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Kate Middleton may have the best technique for dealing with a cranky kid

When she's not writing, Claire Gillespie can most often be found wiping snotty noses, picking up Lego, taking photos of her cat or doing headstands.

The Duke and Duchess of Cambridge don't need the Queen to approve of their parenting techniques

We know the Duke and Duchess of Cambridge are pretty forward-thinking in their parenting techniques, and saw an example of this not long after they touched down in Canada to commence the royal tour with their children, Prince George and Princess Charlotte.

More: Do you know what happens when you call a girl a princess?

At one point, Kate squatted down on the tarmac to 3-year-old Prince George's height in order to make eye contact while she spoke to him.

The Duke and Duchess of Cambridge don't need the Queen to approve of their parenting techniques
Image: Samir Hussein/WireImage/Getty Images

Known as the active-listening technique, this was precisely what the Queen scolded Prince William for back in June when he too squatted down to speak to his son on the balcony of Buckingham Palace during the trooping of the color. The monarch was seen tapping her grandson on the arm and gesturing to him to stand up as he crouched down beside Prince George.

Despite the Queen's disapproval, active listening is a parenting technique favored by many child-development experts. According to The Center for Parenting Education, it is the "single most important skill you can have in your parenting 'toolbelt.'" It sounds pretty simple. Basically, you get down on the child's level so you can make eye contact with them, and from then on it's all about listening to what they're saying without judgment or evaluation. Rather than trying to "fix" whatever is wrong with them, active listening shows your child that they're worthy of your attention, that their emotions are valued and that you trust in their ability to work through their own problems.

"Active listening is one of the most important ways you can send the message, 'You're important to me.' Get down on the child's level, lean in and make eye contact," writes child-development expert Gill Connell in A Moving Child Is a Learning Child.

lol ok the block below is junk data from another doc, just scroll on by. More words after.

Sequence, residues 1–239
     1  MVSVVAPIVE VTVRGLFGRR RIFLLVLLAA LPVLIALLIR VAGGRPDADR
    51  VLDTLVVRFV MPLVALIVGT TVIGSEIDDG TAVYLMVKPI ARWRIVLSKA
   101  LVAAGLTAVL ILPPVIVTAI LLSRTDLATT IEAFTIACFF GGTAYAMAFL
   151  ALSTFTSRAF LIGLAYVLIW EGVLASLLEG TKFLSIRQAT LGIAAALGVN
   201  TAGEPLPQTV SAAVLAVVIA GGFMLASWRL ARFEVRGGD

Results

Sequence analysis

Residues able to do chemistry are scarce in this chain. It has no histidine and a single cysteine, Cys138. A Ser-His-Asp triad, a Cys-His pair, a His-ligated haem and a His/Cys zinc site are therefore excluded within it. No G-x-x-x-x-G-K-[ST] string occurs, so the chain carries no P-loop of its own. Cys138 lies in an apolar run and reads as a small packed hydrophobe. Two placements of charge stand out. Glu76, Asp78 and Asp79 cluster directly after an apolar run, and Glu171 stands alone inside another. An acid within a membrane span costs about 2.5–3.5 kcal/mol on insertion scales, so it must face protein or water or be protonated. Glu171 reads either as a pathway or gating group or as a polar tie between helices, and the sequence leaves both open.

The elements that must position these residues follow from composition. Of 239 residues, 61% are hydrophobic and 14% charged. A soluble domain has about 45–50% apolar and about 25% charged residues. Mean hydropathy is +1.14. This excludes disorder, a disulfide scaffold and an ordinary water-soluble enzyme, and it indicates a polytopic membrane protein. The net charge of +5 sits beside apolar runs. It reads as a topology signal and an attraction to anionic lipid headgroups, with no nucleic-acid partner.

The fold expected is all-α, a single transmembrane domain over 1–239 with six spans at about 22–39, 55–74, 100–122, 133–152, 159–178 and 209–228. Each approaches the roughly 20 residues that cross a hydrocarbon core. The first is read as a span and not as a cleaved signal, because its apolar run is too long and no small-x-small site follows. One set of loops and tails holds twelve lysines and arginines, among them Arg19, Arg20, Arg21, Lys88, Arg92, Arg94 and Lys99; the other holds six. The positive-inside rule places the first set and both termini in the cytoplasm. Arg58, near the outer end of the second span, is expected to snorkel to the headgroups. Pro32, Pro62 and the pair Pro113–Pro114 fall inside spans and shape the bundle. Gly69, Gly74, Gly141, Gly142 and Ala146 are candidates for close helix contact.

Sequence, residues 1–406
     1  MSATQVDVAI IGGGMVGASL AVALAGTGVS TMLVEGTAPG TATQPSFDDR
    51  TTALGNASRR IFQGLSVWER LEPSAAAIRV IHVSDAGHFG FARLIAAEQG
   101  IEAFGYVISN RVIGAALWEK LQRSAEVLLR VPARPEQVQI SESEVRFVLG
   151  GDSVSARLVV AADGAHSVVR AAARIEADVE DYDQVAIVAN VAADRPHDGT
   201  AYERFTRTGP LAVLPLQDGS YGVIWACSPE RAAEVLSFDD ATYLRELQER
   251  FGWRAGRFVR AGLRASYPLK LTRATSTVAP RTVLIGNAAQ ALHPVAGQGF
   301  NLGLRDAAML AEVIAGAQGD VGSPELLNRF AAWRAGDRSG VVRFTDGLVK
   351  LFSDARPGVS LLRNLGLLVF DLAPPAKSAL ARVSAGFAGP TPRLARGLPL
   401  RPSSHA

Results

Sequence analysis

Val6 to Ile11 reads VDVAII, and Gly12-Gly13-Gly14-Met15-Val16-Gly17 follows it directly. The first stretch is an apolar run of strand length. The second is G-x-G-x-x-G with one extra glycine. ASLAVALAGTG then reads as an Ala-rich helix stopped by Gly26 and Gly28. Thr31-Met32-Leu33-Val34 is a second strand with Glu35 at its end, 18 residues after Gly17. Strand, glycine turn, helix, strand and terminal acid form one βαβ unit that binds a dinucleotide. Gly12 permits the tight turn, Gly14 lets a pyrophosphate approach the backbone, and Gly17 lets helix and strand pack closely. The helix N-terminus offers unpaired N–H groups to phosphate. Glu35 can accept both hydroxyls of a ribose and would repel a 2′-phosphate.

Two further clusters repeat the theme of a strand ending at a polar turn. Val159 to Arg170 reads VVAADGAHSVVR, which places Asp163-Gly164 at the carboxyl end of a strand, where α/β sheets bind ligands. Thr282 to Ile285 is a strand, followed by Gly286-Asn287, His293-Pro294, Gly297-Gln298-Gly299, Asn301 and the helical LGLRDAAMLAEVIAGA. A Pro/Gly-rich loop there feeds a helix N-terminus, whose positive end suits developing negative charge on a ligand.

Connell, who recommends responding to a child's words with positive verbal and nonverbal cues such as nodding, smiling and hugging, also writes, "These simple messages foster self-esteem in powerful ways while encouraging him to communicate even more."

But it may not be as easy as it sounds. It can take years to master, says The Center for Parenting Education. Well, it seems that the Duke and Duchess of Cambridge are willing to put in the necessary effort — they're certainly starting early in their kids' lives. And if we think our own toddlers have it bad, at least they don't have 20,000 camera flashes going off in their faces right after a 10-hour flight from London to Canada. If there were ever a time Prince George needed his mom's undivided attention, we'd say it was then.

If you think about it, active listening is a no-brainer. Don't we all feel better when we feel as if we're being listened to and really heard? It goes for all relationships: with friends, partners and colleagues, as well as between parents and kids. And while the Queen might not be down with Prince William squatting on the balcony of Buckingham Palace, getting down on a child's level is a simple gesture that says straight away, "I'm listening." Which, as parents, we kind of sign up to do, right?

More: The parenting authorities are usually full of crap

For more information on active listening, visit The Center for Parenting Education.

Before you go, check out our slideshow below.

The Duke and Duchess of Cambridge don't need the Queen to approve of their parenting techniques
Image: Inti St. Clair/Getty Images
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